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First Bay Trail Windows 8.1 Convertible To Start At $349 151

Posted by timothy
from the sounds-not-half-bad dept.
crookedvulture writes "Bay Trail has its first convertible design win. Intel's newest SoC will be available in Asus' Transformer Book T100, which combines a 10.1" Windows 8.1 tablet with a keyboard dock that includes a gesture-friendly touchpad and USB 3.0 connectivity. The tablet is powered by an Atom Z3740 processor with quad cores clocked at up to 1.8GHz—600MHz slower than the Z3770 chip benchmarked by the press. The screen has a relatively low 1366x768 resolution, but at least the IPS panel delivers wide viewing angles. Asus clearly intends the T100 to be an entry level device; the 32GB version is slated to sell for just $349, and the 64GB one will cost only 50 bucks more. Those prices include the keyboard dock and a copy of Microsoft Office Home & Student 2013. They also bring Windows 8 convertibles down to truly budget territory, completing the collision between tablets and netbooks."
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First Bay Trail Windows 8.1 Convertible To Start At $349

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  • by Qzukk (229616) on Thursday September 12, 2013 @08:39AM (#44829359) Journal

    Does a "gesture friendly touchpad" mean its one of those completely flat surfaces with no edges that randomly make shit flip down/out/over what I'm trying to work on because there's no way to tell when you're moving the pointer and when you're swiping the charms bar?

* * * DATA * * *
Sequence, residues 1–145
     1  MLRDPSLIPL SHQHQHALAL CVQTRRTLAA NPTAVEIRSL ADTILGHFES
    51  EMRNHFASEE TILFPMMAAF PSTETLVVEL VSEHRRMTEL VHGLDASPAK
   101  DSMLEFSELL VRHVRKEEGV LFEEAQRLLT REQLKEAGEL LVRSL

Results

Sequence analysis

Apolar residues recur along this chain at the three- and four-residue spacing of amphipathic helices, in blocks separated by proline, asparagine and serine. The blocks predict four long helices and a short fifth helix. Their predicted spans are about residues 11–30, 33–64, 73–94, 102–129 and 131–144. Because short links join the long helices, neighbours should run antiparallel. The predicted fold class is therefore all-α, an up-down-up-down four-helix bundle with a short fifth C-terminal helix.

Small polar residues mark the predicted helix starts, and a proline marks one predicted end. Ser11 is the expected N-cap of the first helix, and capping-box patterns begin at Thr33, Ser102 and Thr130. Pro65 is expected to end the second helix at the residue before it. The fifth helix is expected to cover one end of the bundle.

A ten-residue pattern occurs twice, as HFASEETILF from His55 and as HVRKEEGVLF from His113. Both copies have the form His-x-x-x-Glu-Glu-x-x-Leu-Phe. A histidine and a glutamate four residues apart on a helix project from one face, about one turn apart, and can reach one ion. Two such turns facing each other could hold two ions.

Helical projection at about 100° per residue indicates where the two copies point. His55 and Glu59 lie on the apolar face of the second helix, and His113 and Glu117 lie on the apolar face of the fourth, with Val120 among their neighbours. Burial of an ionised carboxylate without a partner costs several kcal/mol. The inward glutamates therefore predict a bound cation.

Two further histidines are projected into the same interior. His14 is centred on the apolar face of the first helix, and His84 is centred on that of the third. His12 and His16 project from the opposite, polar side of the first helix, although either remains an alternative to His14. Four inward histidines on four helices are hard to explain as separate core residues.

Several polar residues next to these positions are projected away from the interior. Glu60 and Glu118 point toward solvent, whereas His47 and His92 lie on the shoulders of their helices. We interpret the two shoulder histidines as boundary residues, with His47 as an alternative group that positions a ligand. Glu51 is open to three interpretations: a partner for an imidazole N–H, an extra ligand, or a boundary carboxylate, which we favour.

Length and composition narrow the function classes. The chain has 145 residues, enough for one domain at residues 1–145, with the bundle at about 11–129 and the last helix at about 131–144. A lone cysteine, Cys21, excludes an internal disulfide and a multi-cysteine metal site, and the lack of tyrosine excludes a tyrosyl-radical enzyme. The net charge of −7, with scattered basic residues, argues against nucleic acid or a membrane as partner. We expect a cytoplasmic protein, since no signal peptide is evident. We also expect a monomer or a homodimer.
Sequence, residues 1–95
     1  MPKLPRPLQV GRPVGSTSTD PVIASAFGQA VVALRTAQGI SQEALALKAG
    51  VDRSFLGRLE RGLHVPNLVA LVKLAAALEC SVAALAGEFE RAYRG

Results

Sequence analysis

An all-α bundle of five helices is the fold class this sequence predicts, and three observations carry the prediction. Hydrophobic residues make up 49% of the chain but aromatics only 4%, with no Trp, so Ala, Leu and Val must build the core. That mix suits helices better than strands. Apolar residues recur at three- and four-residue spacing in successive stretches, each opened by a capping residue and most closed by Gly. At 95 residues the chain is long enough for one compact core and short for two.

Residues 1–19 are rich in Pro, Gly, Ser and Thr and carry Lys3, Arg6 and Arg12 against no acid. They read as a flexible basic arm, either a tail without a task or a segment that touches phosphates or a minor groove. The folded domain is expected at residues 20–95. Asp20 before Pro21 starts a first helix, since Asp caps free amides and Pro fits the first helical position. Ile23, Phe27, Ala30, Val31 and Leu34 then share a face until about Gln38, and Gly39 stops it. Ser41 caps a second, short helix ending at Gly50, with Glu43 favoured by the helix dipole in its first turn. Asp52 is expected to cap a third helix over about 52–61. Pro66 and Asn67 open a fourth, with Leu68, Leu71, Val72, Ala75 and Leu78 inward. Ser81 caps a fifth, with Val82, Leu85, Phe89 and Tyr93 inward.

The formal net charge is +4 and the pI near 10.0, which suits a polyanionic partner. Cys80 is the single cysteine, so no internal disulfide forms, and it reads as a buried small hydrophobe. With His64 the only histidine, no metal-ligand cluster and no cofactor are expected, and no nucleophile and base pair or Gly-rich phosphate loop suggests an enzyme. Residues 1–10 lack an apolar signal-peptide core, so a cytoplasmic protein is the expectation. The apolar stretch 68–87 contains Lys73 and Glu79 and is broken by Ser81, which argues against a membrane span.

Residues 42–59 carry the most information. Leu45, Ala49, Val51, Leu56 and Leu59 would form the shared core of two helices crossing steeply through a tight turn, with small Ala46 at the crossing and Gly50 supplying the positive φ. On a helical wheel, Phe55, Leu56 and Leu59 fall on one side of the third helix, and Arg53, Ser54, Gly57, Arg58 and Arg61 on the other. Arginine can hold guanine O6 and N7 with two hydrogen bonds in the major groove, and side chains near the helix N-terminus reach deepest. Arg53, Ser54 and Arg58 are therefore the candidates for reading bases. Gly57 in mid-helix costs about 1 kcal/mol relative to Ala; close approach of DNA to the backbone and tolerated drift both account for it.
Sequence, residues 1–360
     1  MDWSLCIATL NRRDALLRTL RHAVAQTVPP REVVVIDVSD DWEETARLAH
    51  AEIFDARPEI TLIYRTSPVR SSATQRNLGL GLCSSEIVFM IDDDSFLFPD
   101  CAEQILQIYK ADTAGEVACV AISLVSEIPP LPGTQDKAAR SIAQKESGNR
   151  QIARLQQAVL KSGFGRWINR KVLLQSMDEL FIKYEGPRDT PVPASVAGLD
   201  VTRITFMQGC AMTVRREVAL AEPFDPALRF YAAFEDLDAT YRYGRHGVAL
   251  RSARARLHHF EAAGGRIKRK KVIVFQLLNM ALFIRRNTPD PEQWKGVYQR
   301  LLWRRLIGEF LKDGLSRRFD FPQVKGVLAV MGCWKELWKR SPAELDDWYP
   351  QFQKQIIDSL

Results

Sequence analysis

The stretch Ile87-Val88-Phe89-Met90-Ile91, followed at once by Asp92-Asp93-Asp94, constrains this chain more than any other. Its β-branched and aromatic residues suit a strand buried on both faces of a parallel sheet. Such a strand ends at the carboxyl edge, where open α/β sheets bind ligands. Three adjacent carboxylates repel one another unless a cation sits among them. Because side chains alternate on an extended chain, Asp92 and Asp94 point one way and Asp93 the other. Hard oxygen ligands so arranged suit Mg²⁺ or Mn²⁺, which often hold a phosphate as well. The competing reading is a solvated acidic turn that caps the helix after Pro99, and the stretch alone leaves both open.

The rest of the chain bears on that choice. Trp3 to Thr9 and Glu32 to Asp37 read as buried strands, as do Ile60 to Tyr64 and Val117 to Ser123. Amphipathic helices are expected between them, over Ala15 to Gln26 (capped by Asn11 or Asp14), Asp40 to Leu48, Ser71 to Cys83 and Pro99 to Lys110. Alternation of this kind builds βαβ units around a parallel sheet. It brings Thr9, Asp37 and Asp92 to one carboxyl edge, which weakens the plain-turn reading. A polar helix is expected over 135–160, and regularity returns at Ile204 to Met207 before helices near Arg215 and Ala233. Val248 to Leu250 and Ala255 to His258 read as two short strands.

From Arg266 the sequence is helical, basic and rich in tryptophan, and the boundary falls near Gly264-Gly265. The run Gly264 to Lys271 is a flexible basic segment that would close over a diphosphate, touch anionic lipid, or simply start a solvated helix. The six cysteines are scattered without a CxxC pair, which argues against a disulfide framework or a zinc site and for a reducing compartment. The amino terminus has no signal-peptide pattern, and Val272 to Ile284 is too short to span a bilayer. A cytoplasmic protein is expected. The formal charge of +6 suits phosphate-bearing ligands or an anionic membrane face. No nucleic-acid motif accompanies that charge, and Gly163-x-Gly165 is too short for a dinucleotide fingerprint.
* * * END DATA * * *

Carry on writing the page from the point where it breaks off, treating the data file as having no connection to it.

Or does it mean one where the damn gestures are turned off by default without having to install synaptic drivers and dig through their driver menus, or hunt around in the registry, or say fuck it and replace windows entirely [makeuseof.com]?

  • Another windows 8 tablet. Quad core 1.8GHz, 1366x768 resolution. Meh.
    • Re: (Score:2, Funny)

      by Noughmad (1044096)

      Another windows 8 tablet. Quad core 1.8GHz, 1366x768 resolution. Lame.

      FTFY

    • by FunkyELF (609131)

      I have 1920x1080 on a 15.4 screen and it seems perfect for a laptop.
      1366x768 at 10.1 is actually a higher DPI count but then you're lacking real estate.
      The price seems right though for what you're getting. I'd just prefer to pay a little more, say $50, to get a 1600x900.

  • by fuzzyfuzzyfungus (1223518) on Thursday September 12, 2013 @08:43AM (#44829415) Journal
    What I wouldn't give to be able to travel back in time and prevent 1366x768 or '720p' from being defined as 'HD' resolution. Ideally with some sort of plan that involves more explosions than a braindead summer action movie. What a pox upon the eyes of the world, especially with so many applications making poor use of extra horizontal space (so it's barely better than 1024x768, circa 15 years ago) and 768 pixels being pretty narrow for the 'well, just flip it 90 degrees' strategy that saves other widescreens for non-movie purposes.
    • by Kjella (173770)

      640x480 = 307200